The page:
Wednesday, February 18, 2015

21 Dead Men and a Pair of Red Shoes

When the moment came for Judas Iscariot, he played his role with certitude. To perfection. His morose timing could certainly be said to have been just right. In the grand scheme of things, evil plays itself out in such a way that the entirety of our acts, the encompassed total of our acts seem to have all been in some masterful synchronicity with the universe, with the moral order. Evil writes the same ultimate ending every time. And good wins out every time, it is the natural order. The gates of Hell shall not prevail.

History can only make it more difficult for us to separate an evil beginning from an evil end. How we look at the rise of Nazi Germany or Communist Russia and how history views the decline of the Roman Empire are motivated not by our abstract individual powers of interpretation and assessment, but by our historical situation, hindsight makes folly of all misdeeds and ill intentions. Men who trod the path of malice are as insipid and doomed as insects disappearing down a drain, time tells their hapless and helpless tail.

Save for one dramatic intervention, the goodness of men in their search for redemption, the goodness of men that comes from their belief in Our Lord upon His cross. After all, the degenerate Saul became the saintly Paul, through God's love and his response to it.

The sad ends that dreadful men have are not troubling. In our worst moments, of real despair, we should remind ourselves of Our Lord's simple words I am with you always, even unto the end of the world. We are never alone, the collective story of humanity, even the goriest parts, testifies to that, there is comeuppance waiting for those who pursue demonic nastiness as a vocation.

It is with such worldly indifference, such lofty abhorrence for the troublesome nature of our mortality, such defiance against the ways of man, with which we must confront the brutal image of 21 Coptic Christians on a beach being beheaded by ISIS. The sheer abandonment, the lonesomeness of it. The last sounds that these poor men heard were the waves crashing, the birds of the air, the knife clenching then piercing their skin before decapitating them. Disorientating in its juxtaposition. And yet, their last words! Jesus, help me.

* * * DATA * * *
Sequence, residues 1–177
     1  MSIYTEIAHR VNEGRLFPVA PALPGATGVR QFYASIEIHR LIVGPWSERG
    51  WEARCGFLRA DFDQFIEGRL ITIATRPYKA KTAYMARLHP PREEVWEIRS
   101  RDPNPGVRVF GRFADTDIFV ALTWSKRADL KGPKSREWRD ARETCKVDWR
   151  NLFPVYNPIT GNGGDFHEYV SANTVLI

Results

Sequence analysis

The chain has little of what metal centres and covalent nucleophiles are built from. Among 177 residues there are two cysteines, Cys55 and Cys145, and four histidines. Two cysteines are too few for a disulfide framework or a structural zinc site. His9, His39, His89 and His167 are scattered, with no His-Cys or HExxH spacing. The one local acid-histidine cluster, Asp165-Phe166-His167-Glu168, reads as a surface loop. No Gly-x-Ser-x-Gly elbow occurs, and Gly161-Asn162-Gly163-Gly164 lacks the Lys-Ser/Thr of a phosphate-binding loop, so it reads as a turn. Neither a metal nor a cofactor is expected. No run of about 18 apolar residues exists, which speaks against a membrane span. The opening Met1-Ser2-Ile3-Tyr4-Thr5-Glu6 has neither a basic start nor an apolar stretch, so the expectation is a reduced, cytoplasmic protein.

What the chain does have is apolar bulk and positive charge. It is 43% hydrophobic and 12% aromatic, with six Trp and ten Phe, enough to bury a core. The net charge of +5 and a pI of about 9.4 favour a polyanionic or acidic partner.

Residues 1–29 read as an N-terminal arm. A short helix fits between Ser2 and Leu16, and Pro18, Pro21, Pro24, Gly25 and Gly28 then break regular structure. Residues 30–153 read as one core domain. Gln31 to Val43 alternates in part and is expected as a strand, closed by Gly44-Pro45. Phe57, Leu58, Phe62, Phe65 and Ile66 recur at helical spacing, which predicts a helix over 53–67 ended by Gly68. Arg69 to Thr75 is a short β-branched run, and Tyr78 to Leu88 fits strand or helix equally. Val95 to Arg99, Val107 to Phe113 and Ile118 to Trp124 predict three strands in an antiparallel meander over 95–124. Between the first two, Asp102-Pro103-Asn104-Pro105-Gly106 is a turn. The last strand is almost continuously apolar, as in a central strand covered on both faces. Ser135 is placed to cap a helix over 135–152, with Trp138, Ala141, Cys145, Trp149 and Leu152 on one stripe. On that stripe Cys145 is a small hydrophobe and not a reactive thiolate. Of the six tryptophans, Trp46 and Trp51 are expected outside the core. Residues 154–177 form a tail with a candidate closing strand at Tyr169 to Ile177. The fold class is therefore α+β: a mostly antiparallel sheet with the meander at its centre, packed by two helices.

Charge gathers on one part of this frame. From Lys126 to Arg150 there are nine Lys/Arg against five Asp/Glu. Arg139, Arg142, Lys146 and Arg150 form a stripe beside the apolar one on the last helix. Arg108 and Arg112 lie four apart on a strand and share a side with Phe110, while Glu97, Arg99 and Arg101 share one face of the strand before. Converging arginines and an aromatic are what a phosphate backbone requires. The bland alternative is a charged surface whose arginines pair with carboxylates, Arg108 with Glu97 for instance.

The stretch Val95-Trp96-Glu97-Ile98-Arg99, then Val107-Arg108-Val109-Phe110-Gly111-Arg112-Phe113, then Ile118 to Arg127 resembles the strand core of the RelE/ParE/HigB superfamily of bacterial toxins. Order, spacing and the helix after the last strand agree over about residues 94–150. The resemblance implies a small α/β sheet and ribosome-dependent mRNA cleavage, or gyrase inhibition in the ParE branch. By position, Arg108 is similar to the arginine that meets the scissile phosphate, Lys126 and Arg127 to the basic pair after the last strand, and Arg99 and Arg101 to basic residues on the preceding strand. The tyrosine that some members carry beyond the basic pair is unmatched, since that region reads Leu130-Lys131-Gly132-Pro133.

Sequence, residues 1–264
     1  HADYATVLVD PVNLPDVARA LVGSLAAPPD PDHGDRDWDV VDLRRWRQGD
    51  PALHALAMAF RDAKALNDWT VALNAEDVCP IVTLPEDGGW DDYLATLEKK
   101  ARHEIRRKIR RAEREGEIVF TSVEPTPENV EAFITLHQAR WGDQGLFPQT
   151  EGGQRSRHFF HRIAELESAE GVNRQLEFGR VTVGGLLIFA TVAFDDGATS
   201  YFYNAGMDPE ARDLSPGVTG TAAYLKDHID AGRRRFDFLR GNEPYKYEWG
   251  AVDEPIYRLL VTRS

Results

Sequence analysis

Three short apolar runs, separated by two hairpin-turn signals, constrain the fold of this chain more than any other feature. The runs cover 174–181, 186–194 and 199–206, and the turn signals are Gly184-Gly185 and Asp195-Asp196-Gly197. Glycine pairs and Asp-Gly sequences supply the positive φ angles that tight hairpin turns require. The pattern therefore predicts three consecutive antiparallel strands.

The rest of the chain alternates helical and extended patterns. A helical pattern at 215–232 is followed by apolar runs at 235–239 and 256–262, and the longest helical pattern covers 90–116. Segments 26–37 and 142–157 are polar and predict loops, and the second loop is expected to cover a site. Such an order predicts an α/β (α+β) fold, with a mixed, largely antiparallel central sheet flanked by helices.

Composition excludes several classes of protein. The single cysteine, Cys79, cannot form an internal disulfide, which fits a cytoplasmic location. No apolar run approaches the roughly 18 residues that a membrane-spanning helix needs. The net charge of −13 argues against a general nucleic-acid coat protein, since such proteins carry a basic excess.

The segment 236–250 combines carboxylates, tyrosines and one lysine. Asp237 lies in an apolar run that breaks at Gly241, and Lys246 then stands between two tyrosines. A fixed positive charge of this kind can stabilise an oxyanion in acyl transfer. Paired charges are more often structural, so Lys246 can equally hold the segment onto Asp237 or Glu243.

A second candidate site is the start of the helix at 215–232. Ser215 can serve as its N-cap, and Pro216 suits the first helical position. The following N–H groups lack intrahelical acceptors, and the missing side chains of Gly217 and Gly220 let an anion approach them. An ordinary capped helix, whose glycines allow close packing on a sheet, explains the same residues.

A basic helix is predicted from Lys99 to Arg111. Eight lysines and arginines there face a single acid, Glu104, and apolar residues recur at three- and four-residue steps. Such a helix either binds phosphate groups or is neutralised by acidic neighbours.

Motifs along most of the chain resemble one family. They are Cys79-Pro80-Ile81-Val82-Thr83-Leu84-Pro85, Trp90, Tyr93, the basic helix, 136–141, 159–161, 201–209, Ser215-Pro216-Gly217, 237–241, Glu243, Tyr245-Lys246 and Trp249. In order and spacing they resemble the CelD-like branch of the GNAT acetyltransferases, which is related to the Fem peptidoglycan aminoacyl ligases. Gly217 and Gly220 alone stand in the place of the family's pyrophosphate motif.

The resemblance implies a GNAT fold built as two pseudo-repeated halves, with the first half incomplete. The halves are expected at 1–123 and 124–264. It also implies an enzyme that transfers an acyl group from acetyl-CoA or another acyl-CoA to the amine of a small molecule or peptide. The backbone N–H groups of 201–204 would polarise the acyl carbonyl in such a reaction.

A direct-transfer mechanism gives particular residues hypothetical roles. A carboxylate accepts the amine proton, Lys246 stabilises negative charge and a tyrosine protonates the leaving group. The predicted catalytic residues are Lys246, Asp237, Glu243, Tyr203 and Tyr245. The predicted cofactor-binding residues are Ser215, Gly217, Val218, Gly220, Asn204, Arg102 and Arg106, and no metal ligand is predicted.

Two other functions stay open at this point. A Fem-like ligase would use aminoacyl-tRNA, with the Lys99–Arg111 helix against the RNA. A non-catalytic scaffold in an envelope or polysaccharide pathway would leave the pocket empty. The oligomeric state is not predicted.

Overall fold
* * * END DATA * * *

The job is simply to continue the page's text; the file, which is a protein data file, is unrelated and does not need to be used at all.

We often forget, as Christians, that the world hates us. If the world hate you, know ye, that it has hated me before you. If you had been of the world, the world would love its own: but because you are not of the world, but I have chosen you out of the world, therefore the world hates you. Remember my word that I said to you: The servant is not greater than his master. If they have persecuted me, they will also persecute you: if they have kept my word, they will keep yours also. But it does hate us. How else can someone who screams Allahu Akbar feel about the seeming irrationality of people who refuse to denounce their faith and die instead?

We owe it to the world, to the fallen sinners and misguided misanthropes who persist in their evil acts against Our Lord and His followers to remind them that their day will come. God has their number, as He always has. The Colosseum created more Christians than it ever killed. The British persecution bred more Catholics in Ireland than it ever subjugated. Ignorant of all European history, save for some propaganda motivated references to the Crusades(but enough about Obama), ISIS have no concept of this. Hence why they regard it a pejorative to have identified us as followers of the Cross. As a derogatory term, meant to mock our supposed weakness. But what a glorious compliment!

In 2013, Pope Francis ascended to the Papal throne. The media made much of the fact that he wore some ragged black shoes instead of the previous red ones, but these were not there by Benedict or others for decoration, they were a solemn token of remembrance for the martyrs whose blood was given for Our Lord and His Church.We should all pray and implore the Pope to once again don the red shoes worn by Benedict XVI and others. Not for their own sake. But as a reminder, to the world. You can kill as many of us as you wish. You can cut our heads off, feed us to animals, crucify us like Our Lord and St. Peter. The Copts may not have been Catholics, but the Church has had many martyrs for the faith at the hands of ISIS in Iraq, Syria and elsewhere this past year. These people deserve to be represented by the Pope.